Homer Simpson. From The Comics Journal April 1991, The Simpsons’ Matt Groening said, “I love Homer Simpson. In a way, I like him most of all the characters because for him there’s more disastrous consequences to his mistakes. For one thing he could blow up Springfield. I think he’s the funniest. I do like the name Homer. My father’s name is Homer. I named my son Homer. I actually took the name from the novel The Day of the Locust where there is a character named Homer Simpson. I find it funny that people admire Bart because he’s such a jerk.”
The Shoe People. The Shoe People was an animated television series first broadcast in the U.K. in 1987 and later in 62 countries around the world. The characters were created by James Driscoll who once won a five pound bet by being able to identify a car salesman by his patent leather shoes.
He noticed that the style and appearance of people’s shoes told a lot about their personalities and he developed some stories about shoe people that a cobbler can’t repair or are abandoned and live in the back room of his shoe repair shop. He used to tell his children these stories to lull them to sleep. Prince William and Harry were notable fans of the animated characters. A number of books were published about the characters and their adventures.
Allan Burns. In the New York Times December 8, 1996, writer Allan Burns said about his work with Jay Ward: “It was a wonderful place to work because of the freedom. Jay wouldn’t come in and say ‘do such-and-such’. He’d say, ‘Figure out something you’d want to do’. That was Jay’s style: Be thinking of new stuff.
“Jay’s philosophy was this: you’re not that much smarter than everybody else so if you do what you think is funny, chances are there’s going to be a lot of people out there who are going to find it funny. And don’t write down. When we were doing the Mary Tyler Moore Show, we were told by CBS that what we were doing was a little too smart for the room. We resisted that and it worked. I believe that it was a lesson that I learned from Jay ten years before.”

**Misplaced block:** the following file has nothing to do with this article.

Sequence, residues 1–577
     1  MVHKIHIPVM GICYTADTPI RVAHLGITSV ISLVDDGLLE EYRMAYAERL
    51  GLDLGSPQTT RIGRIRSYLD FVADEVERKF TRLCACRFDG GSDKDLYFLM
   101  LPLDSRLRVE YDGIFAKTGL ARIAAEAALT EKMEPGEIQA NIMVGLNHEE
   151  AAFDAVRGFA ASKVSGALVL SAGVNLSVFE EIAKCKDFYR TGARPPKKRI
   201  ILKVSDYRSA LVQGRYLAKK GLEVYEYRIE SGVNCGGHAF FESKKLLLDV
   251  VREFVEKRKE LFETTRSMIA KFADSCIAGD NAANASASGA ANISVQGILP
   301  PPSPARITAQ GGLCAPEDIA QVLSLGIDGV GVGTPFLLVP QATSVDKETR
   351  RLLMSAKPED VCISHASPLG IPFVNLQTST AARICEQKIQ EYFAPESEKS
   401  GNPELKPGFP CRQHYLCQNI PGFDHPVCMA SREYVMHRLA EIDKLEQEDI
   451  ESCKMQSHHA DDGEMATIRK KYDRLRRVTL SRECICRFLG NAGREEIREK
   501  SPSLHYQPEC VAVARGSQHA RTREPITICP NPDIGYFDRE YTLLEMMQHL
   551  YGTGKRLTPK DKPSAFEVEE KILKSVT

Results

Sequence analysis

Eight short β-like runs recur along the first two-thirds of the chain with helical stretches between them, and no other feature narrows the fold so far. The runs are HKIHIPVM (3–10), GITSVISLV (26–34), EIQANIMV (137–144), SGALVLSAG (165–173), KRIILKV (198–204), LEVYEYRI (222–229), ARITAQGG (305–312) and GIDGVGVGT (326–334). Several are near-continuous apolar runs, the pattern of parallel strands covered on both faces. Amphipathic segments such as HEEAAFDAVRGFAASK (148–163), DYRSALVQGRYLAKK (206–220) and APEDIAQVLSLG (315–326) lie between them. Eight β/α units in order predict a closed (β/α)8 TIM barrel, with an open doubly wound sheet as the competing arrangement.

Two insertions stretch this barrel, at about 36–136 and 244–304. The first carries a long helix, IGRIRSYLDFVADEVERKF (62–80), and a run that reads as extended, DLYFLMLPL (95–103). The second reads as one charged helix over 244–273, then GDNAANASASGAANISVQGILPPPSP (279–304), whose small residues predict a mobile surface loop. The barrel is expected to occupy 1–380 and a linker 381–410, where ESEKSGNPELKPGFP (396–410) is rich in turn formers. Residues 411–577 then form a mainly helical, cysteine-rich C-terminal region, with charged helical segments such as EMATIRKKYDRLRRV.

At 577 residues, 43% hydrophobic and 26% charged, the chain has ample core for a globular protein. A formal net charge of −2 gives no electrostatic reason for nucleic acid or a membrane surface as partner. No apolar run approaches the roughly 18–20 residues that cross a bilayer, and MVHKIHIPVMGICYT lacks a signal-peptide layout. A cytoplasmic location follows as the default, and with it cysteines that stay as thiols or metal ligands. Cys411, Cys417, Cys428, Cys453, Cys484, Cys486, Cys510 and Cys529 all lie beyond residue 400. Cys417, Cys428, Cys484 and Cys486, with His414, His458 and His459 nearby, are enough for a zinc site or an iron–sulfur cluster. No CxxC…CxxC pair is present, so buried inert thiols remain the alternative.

David Hand. In the U.K. edition of Good Housekeeping magazine August 1947, producer and animator David Hand said, “At the end of the silent film period, the cartoon was slipping into a rut and it didn’t get ahead until sound came in. Sound gave it its opportunity and color brought more opportunities. Now the animated cartoon is the most powerful graphic medium in existence because you can do anything in cartoon films. There are no restrictions. It is a medium of exaggeration. The sky’s the limit. One day, perhaps, something big will come out of all this.”
Ron Clements. In Cinemagic #33 (1986), co-director of The Great Mouse Detective (1986), Ron Clements said, “Character animation is at the very heart of this picture. The animators are absolutely integral to developing the personalities of the characters. Everything that happens up to the point an animator picks up a pencil –script, storyboard, etc. – is just planning. The story suggests a direction but the animator, the really top animators, determine the character’s personality. From that comes the drama. And that is the way it should be! This is an animator’s medium, not a director’s.”